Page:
There has been some confusion over what groups of workers are prioritized under in vaccination Phase 1b, and it turns out that San Francisco is going to move restaurant workers up in the phasing ahead of what the CDC officially recommends.
Phase 1b of COVID vaccine eligibility, which Mayor London Breed has said will begin February 24, is set to include educators, emergency services workers, and "food and agriculture" workers — and it's this latter category that has been the cause for confusion. The state of California had suggested previously that restaurant workers should be included under the "food" category alongside grocery workers, but not all counties are handling it this way.
In Alameda County, for instance, grocery store employees begin to be eligible for their shots this week — with appointments now open to them at the mass-vaccination site at the Oakland Coliseum that opened today. But restaurant workers are not yet eligible — and the same is true for Berkeley, which has its own health department independent of the county's, as Berkeleyside reports. Residents over the age of 65 and healthcare workers, who are part of Phase 1a, continue to be eligible, and some are already getting their second shots.
In San Francisco, at least as of last week, the Department of Emergency Management confirmed to SFist that restaurant workers will become eligible once Phase 1b begins. "Restaurant workers will be able to get vaccinated starting on February 24," the department said in a statement.
It's unclear if any delays in this schedule have arisen due to the unreliable and slow supply of vaccine from Pfizer and Moderna.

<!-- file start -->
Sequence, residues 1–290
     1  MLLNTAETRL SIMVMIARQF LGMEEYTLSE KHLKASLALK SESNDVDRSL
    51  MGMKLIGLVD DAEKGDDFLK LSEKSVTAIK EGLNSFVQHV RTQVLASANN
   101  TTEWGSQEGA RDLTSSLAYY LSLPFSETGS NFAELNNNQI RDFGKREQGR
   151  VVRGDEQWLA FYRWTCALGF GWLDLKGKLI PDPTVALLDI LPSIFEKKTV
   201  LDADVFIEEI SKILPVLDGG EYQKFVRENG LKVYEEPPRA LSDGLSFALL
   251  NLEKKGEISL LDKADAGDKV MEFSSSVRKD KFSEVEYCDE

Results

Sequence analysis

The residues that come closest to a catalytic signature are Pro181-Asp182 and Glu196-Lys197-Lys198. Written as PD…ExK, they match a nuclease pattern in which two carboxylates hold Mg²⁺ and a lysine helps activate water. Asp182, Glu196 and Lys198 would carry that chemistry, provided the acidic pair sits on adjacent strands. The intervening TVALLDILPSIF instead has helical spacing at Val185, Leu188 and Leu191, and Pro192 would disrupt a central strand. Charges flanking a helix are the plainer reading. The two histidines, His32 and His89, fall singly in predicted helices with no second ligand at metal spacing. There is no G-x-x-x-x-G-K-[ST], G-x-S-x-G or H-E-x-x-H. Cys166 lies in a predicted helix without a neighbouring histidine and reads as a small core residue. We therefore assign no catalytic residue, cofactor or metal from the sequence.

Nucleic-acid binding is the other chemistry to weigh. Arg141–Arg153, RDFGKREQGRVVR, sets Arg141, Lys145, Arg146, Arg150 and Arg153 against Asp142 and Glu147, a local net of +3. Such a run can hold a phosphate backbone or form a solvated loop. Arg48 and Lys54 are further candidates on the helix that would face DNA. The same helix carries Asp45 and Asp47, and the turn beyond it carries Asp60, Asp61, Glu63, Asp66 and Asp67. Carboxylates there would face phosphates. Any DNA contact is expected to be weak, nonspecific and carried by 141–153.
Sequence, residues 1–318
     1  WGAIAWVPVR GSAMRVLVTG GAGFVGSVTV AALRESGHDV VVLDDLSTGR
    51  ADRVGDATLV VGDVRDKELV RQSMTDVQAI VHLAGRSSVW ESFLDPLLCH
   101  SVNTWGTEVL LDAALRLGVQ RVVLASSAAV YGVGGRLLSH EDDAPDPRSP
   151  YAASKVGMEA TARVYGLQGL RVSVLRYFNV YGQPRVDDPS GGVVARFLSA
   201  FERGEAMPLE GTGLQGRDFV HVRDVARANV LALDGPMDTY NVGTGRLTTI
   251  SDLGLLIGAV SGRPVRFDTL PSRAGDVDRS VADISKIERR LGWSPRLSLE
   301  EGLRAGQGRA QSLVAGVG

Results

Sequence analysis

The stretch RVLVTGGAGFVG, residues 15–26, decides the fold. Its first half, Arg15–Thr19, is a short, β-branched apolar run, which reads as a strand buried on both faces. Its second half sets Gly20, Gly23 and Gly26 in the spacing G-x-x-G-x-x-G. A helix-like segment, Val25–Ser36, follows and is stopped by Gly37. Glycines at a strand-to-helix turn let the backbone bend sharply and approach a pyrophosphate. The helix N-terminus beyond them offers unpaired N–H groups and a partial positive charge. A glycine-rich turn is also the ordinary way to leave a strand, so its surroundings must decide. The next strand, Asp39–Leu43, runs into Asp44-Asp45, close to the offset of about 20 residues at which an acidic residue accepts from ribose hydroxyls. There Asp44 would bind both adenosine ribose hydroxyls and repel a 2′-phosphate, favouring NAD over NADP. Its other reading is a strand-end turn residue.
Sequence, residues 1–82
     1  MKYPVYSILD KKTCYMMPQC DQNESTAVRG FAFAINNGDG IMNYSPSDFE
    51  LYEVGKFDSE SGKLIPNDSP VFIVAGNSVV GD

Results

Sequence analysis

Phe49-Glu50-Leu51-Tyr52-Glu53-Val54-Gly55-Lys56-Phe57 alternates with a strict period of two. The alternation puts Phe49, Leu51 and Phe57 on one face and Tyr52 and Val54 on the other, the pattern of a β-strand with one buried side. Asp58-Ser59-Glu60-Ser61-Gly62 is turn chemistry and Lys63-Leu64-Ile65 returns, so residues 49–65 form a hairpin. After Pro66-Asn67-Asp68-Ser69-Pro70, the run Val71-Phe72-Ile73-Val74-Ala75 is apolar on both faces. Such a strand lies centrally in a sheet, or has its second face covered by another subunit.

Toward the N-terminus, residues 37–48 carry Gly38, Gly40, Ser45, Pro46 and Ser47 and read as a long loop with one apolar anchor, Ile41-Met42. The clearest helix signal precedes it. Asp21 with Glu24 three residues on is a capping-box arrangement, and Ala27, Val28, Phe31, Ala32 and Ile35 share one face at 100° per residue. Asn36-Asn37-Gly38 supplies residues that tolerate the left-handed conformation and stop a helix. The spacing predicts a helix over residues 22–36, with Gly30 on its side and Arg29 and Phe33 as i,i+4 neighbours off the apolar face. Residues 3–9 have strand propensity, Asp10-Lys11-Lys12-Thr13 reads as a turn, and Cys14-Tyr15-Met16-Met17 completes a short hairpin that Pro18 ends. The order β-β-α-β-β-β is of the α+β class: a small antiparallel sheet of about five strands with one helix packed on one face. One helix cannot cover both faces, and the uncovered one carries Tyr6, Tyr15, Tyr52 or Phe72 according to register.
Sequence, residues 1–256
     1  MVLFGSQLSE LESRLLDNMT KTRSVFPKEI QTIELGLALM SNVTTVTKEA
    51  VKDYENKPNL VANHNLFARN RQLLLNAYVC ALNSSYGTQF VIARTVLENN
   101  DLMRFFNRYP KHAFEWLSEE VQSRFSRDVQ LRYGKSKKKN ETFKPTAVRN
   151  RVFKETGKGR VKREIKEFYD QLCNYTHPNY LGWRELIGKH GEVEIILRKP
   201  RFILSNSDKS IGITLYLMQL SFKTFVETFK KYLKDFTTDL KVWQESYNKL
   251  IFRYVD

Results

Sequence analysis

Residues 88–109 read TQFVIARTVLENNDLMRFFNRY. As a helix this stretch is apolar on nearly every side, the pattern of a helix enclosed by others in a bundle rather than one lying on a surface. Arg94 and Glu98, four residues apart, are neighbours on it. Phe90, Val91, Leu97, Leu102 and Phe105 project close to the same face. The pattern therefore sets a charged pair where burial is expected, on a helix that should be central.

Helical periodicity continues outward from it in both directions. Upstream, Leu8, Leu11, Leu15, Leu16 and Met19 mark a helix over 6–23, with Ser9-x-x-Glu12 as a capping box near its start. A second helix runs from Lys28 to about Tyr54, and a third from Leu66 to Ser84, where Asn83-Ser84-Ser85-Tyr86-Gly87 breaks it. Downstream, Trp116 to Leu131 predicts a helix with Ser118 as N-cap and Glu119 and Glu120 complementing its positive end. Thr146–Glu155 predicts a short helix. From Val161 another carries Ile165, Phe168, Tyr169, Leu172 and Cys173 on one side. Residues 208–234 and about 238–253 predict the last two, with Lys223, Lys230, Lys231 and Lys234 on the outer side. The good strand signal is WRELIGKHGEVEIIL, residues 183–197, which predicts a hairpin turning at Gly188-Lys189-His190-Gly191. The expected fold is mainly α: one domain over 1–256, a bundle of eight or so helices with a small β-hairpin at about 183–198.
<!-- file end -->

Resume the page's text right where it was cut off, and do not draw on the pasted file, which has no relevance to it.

Under the CDC's guidelines, restaurant workers fall in Phase 1c. However New York has already moved restaurant workers and taxi drivers up in the queue, and both restaurant employees and drivers for third-party delivery companies became eligible for vaccines in New York City last week.
San Francisco had to shut down its mass-vaccination sites at City College and the Moscone Center this week due to lack of vaccine supplies — but the city said that all appointments for second shots would still be honored. The City College drive-up site reopens Friday for second shots only, and Breed has yet to given an update on the arrival of more vaccine supplies.
According to city data, over 122,000 San Franciscans have gotten their first COVID shots as of Monday, and nearly 36,000 have received their second shots. This means that 16% of city residents over the age of 16 have received at least one of the two shots.
Once grocery store and restaurant workers, along with all the city's educators, become eligible, it will mean tens of thousands more people will be vying for vaccine appointments — including residents of other counties who work in San Francisco. SF has actually administered over 205,000 first doses, but some 80,000 of those have gone to people (presumably healthcare workers and nursing home employees) who live outside the county and come here to work.
The Golden Gate Restaurant Association estimates that San Francisco had around 60,000 employees tied to food service before the pandemic began. An estimated 35,000 of those had retained their jobs just before the December lockdown, and there is no estimate of how many will be working and eligible when vaccines become available next week.
In Berkeley, to prove eligibility, workers have to provide pay stubs or employee ID badges that include photos, in order to make vaccine appointments. Something similar is likely to happen in San Francisco.
After the February 24 floodgates are open for these workers, March 15 will be the next shift, at which point anyone between the ages of 16 and 64 with one of ten qualifying medical conditions will become eligible for their vaccines. Healthcare providers will be asked to use their discretion in deciding if patients qualify.
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